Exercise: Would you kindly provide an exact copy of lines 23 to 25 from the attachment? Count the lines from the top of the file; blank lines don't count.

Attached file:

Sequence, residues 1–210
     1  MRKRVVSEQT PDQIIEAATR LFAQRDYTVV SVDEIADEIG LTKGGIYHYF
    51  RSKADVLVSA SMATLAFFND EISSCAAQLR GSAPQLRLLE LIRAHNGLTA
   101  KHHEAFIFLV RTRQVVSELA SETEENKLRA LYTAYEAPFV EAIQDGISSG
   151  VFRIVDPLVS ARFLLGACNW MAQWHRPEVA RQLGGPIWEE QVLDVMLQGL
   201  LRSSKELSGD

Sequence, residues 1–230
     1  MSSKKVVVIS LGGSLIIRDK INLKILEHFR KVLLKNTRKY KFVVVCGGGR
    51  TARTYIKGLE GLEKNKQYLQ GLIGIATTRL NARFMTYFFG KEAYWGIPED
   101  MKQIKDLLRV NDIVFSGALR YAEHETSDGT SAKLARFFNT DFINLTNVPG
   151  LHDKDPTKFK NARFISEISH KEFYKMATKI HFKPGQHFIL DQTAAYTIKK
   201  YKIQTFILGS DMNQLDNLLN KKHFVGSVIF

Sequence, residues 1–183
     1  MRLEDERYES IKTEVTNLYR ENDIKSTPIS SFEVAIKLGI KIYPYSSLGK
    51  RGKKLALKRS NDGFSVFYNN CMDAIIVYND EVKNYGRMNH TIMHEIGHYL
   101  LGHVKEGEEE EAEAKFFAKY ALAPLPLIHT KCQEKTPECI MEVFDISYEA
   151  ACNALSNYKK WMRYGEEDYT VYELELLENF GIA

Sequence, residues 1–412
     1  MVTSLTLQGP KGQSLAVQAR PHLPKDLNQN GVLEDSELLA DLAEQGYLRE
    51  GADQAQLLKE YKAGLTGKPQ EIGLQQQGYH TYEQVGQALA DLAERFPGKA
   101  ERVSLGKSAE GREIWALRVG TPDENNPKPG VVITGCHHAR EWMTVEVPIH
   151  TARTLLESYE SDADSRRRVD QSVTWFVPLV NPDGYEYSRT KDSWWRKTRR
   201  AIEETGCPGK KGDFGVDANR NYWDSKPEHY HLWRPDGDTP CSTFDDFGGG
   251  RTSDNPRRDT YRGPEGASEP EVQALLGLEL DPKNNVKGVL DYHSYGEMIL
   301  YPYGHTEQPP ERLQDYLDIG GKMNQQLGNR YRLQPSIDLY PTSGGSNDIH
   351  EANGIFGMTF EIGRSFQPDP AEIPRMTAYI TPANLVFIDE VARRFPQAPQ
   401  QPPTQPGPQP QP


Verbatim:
   201  AIEETGCPGK KGDFGVDANR NYWDSKPEHY HLWRPDGDTP CSTFDDFGGG
   251  RTSDNPRRDT YRGPEGASEP EVQALLGLEL DPKNNVKGVL DYHSYGEMIL
   301  YPYGHTEQPP ERLQDYLDIG GKMNQQLGNR YRLQPSIDLY PTSGGSNDIH